Right takes aim at Ya'alon: 'IDF is subordinate to civilians, not a junta'

"Somebody needs to remind Bogie (Ya'alon's nickname) that we live in a democracy, not a military regime," Likud MK Oren Hazan said.

IDF chief of staff Gadi Eisenkot (R), Defense Minister Moshe Ya'alon, and Prime Minister Benjamin Netanyahu (photo credit: GPO)
IDF chief of staff Gadi Eisenkot (R), Defense Minister Moshe Ya'alon, and Prime Minister Benjamin Netanyahu
(photo credit: GPO)
The Israeli political battle lines were clearly delineated once again late Sunday, with right wing-nationalist lawmakers denouncing Defense Minister Moshe Ya'alon for his support of an army high command that has become more vocal in offering its opinions on the current state of society.
The fallout from the minister's remarks reverberated into late Sunday, when Ya'alon was summoned for "an urgent meeting" with Prime Minister Benjamin Netanyahu in Jerusalem.
During the sit-down, which is scheduled to take place Monday morning at the prime minister's office, the premier is expected to reprimand Ya'alon for his remarks on Sunday encouraging the senior officer corps to continue "speaking their mind" about contemporary Israeli society.
"Somebody needs to remind Bogie (Ya'alon's nickname) that we live in a democracy, not a military regime," Likud MK Oren Hazan said. "The IDF is not a junta. Its job is to implement the decisions of the civilian leadership and not to disagree with it and chart its own policy."
Some on the right believe that this may be the beginning of the end of Ya'alon's tenure as defense minister, a job that has reportedly been offered to Yisrael Beytenu chief Avigdor Liberman. Thus far, Netanyahu has failed to entice his onetime foreign minister to join the coalition.
"After the defense minister's speech, which is added to his speech from Remembrance Day, I would be very surprised if the prime minister keeps Ya'alon in his current position," Bayit Yehudi MK Bezalel Smotrich commented on his Twitter feed.
Earlier Sunday, Ya’alon said IDF commanders should continue to speak their minds on issues of morality and ethics, in an apparent reference to the controversy that followed the Holocaust Remembrance Day comments of Deputy Chief of Staff Maj.-Gen. Yair Golan.
“This evening, I call on you and your subordinates, once again, to keep speaking your minds. Do so even if your comments are not part of the mainstream, and even if they stand in contrast with the ideas adopted by senior command or the government,” Ya’alon said at an event attended by foreign military attaches at the Defense Ministry.
Earlier this month, Golan stirred an uproar after saying he was concerned by some of the extremist voices within Israeli society, likening it to the atmosphere in 1930s Germany, before Hitler came to power.
The IDF later issued a clarification saying Golan did not mean to compare extremism in society in Israel to 1930s Germany.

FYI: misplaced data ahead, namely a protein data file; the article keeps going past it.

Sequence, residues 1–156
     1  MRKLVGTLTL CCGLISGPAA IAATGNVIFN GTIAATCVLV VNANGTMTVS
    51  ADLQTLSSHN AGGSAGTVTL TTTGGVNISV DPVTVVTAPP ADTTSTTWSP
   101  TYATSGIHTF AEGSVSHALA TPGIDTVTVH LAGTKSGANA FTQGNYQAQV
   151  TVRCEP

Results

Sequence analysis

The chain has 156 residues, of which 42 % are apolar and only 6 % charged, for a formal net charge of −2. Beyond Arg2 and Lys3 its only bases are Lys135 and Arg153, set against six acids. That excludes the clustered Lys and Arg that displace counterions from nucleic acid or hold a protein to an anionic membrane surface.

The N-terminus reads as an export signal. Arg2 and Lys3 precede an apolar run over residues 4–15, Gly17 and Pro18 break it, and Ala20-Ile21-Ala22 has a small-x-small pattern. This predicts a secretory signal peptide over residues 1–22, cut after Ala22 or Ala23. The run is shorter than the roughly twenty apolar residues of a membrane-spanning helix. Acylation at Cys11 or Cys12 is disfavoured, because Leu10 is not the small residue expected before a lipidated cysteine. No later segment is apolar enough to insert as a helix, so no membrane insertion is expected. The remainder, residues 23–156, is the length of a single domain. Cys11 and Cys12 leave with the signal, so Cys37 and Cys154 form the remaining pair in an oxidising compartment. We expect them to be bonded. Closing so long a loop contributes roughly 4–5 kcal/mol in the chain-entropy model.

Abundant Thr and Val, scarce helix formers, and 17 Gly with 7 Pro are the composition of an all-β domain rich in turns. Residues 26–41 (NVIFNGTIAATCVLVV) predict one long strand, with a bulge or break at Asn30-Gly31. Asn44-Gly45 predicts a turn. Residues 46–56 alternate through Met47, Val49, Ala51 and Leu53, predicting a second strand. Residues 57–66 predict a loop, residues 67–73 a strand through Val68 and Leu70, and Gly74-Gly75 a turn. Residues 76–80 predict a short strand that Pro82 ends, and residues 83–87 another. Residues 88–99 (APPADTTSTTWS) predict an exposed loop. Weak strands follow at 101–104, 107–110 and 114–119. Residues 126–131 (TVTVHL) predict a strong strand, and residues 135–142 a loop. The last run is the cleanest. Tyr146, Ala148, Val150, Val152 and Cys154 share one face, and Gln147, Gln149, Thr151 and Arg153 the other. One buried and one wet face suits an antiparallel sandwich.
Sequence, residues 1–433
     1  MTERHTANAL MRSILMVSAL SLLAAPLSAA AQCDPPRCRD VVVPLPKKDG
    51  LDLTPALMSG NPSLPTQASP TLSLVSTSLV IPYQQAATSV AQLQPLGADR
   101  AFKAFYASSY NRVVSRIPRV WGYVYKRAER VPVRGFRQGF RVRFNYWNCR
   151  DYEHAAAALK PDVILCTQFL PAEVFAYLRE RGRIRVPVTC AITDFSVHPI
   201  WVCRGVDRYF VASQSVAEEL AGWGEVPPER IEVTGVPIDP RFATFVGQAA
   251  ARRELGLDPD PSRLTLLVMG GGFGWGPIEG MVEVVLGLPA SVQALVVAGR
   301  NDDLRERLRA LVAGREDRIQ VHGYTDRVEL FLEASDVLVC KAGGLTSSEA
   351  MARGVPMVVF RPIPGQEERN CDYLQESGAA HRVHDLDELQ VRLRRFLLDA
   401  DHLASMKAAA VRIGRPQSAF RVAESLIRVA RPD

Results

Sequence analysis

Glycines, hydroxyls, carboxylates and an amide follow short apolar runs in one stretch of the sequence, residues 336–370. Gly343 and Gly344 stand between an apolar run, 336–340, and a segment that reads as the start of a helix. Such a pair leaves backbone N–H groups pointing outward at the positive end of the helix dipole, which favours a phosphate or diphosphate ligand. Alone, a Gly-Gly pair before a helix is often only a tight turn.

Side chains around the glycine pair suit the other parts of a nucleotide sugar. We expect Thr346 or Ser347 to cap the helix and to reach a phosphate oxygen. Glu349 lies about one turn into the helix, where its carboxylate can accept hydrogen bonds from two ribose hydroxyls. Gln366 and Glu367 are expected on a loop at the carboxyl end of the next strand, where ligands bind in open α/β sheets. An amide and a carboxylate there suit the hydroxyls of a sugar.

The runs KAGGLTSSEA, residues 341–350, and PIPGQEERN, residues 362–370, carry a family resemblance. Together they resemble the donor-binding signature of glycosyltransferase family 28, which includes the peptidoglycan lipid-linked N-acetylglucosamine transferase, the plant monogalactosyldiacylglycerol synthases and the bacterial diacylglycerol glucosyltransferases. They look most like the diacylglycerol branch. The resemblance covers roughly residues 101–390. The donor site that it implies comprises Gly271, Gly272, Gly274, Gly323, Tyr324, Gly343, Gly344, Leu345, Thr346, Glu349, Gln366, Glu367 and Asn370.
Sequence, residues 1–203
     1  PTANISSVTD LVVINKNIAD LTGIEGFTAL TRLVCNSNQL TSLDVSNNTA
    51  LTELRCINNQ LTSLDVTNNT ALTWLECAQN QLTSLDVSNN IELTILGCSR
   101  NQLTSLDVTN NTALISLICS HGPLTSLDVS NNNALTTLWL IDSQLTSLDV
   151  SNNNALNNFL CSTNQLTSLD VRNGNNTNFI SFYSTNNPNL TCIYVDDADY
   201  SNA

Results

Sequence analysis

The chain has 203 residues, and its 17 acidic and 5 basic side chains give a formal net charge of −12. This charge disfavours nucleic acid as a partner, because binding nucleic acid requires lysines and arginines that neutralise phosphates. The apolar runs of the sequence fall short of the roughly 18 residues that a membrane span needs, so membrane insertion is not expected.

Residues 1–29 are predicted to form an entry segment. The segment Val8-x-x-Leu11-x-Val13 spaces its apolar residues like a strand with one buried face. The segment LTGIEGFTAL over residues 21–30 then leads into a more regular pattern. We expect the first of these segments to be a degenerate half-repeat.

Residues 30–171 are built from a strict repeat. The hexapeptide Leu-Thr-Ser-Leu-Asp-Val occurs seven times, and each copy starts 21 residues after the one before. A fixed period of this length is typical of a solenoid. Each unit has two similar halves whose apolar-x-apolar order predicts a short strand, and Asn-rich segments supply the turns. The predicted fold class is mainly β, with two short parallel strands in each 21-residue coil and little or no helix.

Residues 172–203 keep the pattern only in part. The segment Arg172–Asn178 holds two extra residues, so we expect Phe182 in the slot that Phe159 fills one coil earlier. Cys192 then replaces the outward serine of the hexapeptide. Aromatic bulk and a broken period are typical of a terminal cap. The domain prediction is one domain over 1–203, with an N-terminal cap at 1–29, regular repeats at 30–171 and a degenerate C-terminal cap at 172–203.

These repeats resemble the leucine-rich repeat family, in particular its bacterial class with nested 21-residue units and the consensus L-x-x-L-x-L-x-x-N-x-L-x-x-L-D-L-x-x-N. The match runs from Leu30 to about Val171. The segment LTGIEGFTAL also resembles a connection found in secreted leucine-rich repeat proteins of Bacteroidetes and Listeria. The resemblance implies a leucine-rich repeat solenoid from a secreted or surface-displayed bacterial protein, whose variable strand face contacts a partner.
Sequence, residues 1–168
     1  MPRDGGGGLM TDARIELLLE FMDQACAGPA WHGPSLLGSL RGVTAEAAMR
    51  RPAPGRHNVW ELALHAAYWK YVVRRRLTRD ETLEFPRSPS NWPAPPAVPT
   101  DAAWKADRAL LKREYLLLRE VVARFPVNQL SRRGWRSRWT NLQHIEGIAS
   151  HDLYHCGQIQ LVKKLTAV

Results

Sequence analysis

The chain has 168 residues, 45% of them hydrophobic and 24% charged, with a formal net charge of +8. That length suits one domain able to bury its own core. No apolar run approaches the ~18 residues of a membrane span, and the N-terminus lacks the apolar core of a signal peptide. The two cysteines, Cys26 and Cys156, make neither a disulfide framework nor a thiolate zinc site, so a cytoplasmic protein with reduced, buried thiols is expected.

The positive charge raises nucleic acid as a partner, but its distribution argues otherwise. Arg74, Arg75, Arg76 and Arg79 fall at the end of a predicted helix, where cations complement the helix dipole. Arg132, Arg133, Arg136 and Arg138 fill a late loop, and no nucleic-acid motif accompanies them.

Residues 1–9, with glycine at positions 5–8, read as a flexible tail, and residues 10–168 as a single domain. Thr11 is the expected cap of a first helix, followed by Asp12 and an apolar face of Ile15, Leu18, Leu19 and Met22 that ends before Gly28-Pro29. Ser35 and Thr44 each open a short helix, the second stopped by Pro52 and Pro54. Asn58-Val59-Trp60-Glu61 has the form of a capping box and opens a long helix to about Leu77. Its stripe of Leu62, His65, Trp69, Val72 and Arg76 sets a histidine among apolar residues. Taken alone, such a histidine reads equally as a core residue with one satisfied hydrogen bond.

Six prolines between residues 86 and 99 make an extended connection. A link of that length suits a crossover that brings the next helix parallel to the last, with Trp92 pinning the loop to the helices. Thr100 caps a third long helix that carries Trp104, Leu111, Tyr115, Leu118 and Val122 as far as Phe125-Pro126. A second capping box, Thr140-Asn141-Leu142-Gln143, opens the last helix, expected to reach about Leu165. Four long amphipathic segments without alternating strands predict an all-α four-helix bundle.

“Do not fear, do not hesitate. Continue to be brave, not only on the battlefield, but also at the conference table,” Ya’alon said on Sunday.
“A good military is one in which commanders, junior and senior, feel secure in their ability to speak their mind at any time, knowing they will not be harmed,” he added.
Netanyahu gives his full support to the IDF, including its commanders and soldiers, his office said in a statement Sunday evening.
Netanyahu remains firm in his conviction that the comparison that was made to Nazi Germany was inappropriate and damaged Israel in the international arena, the Prime Minister’s Office said, but added that army officers were free to express their opinions in relevant forums on topics that fall within their purview.
The IDF is the army of the people and it must remain outside of politics, the PMO said.
Meanwhile, on the center-left, lawmakers criticized the prime minister for his summoning of Ya'alon.
Yair Lapid, the leader of the Yesh Atid party, said that "Ya'alon was right."
"The IDF is the most moral army in the world, but that is only because it is constantly holding open, courageous discussions about its values and the dilemmas that it faces," Lapid said. "Officers may err at times [in their statements], but it is preferable to have officers who think and make mistakes than officers that do not ask themselves questions about morality."
"What are Netanyahu and Ya'alon going to discuss?" said Zionist Union MK Shelly Yacimovich. "I'm trying to figure out what Ya'alon said to the officers that was so outlandish and controversial."
"What did he say that lit the prime minister's fuse and upended his philosophy?" Yacimovich said. "What is it that he found so unacceptable? What did Ya'alon say on Sunday that was like a poke in the eye which causes Bibi (Netanyahu's nickname) to lose his temper?"
"What is amazing and extraordinary about the defense minister's speech to the IDF high command was the sad fact that his obvious statements, which are given and which are so vastly different from Netanyahu's fulminations and political grandstanding, became headline news instead of being looked at as what they are – simple, moral, clear-cut, obvious, acceptable statements in the eyes of every normal person in the state of Israel."
Yaakov Lappin contributed to this report.